Admittedly, for the purposes of career advancement, car wrecks are not for everybody.
On the lecture circuit, Brent Jones is quick to warn: Kids, do not try this at home.
Yet it’s difficult to imagine where Jones might have ended up had it not been for a fender bender.
Probably not in San Francisco, where he has established himself as one of the NFL’s premier tight ends. Probably not on the cover of the 49ers’ 1994 media guide. (OK, it’s the back cover, but he’s working his way forward.)
Probably not at Candlestick Park on Sunday, where he will be asked to infiltrate the air space of the Dallas Cowboys’ vaunted zone defense.
Probably not in Honolulu, where Jones will take part in his third consecutive Pro Bowl come February.
The presumption is that Jones, wrapping up his eighth season, was one of those Bill Walsh bargain-basement discoveries, a 1986 fifth-round draft choice from Santa Clara who somehow fell through the cracks.
While other draftniks looked on, the presumption goes, Walsh, then the 49er coach and possessor of the brainiest noodle in the football business, saw Jones as the missing piece in his 49er offensive chess board.
The previous year, remember, after Kansas City selected Ethan Horton with the 15th pick, it was Walsh who stole receiver Jerry Lee Rice from Mississippi Valley State at No. 16.
This Walsh-finds-Jones scenario is a logical one, but entirely untrue.
Jones was indeed a fifth-round selection in 1986--of the Pittsburgh Steelers.
Five days after the draft, 49er fans caught a break--between the fourth and fifth vertebrae.
“I got in a car accident,” Jones recalled this week in Tempe, where the team was taking mid-week refuge from the storm-torn Bay Area. “Me and my wife, (Dana), my fiancee at the time. We were a couple of houses away from my house in San Jose. I herniated a disk in my neck and was out for several months.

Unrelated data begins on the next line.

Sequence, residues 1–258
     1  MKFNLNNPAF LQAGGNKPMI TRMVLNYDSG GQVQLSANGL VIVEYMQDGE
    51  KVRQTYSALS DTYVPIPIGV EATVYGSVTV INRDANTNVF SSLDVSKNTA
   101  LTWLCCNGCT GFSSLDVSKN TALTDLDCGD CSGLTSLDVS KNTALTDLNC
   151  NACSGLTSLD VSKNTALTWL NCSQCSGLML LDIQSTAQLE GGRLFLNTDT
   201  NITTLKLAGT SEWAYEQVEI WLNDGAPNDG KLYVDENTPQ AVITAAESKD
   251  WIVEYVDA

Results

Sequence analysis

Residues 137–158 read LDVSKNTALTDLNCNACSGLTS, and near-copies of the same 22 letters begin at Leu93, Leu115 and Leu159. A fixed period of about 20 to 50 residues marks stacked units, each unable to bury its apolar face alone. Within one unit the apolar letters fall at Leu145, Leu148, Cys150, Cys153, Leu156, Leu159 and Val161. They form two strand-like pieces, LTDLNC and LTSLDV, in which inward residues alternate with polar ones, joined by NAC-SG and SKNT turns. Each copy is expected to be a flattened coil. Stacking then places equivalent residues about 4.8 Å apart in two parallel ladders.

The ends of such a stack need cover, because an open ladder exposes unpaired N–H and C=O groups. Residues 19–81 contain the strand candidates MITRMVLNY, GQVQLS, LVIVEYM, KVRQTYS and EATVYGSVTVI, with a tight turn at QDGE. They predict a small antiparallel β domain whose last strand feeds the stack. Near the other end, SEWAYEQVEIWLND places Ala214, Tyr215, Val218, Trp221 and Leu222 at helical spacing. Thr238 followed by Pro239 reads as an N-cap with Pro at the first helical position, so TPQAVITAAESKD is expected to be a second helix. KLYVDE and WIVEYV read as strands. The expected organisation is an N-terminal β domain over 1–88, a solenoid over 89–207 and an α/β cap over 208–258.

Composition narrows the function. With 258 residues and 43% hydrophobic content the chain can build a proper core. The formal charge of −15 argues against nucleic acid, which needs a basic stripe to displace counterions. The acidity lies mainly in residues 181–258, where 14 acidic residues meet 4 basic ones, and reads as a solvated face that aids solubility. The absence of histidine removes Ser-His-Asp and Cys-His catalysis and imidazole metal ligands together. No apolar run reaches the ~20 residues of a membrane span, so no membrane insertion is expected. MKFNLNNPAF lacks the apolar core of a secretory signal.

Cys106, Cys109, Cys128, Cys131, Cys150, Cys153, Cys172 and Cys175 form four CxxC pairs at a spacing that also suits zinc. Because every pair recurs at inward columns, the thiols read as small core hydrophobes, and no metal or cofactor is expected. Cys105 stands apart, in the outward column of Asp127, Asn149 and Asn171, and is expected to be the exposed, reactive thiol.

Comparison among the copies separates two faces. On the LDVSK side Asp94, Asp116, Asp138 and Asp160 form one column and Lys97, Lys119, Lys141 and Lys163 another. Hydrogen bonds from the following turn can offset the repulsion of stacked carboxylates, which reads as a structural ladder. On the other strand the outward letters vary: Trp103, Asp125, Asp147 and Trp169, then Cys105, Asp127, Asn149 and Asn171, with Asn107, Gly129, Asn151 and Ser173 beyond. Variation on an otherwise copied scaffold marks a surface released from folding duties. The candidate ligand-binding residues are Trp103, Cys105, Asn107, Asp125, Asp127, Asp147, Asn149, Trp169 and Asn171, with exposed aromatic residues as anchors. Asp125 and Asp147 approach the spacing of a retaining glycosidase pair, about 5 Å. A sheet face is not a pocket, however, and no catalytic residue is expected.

“The Steelers were good about it at the time. The situation was they felt like I could be their tight end, but I wasn’t able to practice there for a while. They said they were going to have patience with me. It was going pretty well. Then, about a month into the season, they had some cost-cutting going on, and they felt like, ‘Hey, your neck might not get better.’ ”
The Steelers cut Jones.
“I came home and was frustrated, wondering if I was going to have a chance to play again.”
Enter San Francisco. With nothing to lose, the 49ers signed Jones as a free agent and invited him to camp in 1987. The team didn’t even have to cough up air fare.
When Jones arrived at the team’s training camp in Rocklin, Calif., the line for tight end formed at the rear.
“I was eighth-string,” Jones said.
There were Russ Francis, Ron Heller, John Frank and Cliff Benson, to name only four.
Jones would commiserate with another newcomer backup, quarterback Steve Young, acquired from Tampa Bay in a 1987 trade.
Jones and Young became roommates and bided their time; Young waited for the great Joe Montana to step aside, Jones for seven tight ends to contract non-life-threatening illnesses.
“He’s one of those guys, the ultimate hard worker,” Young said of Jones. “They made a spot for him, and now he’s in the Pro Bowl. He could have easily never played football. It was against the odds. I think he made himself a player. I don’t think anyone knew. He was the only who had an inkling.”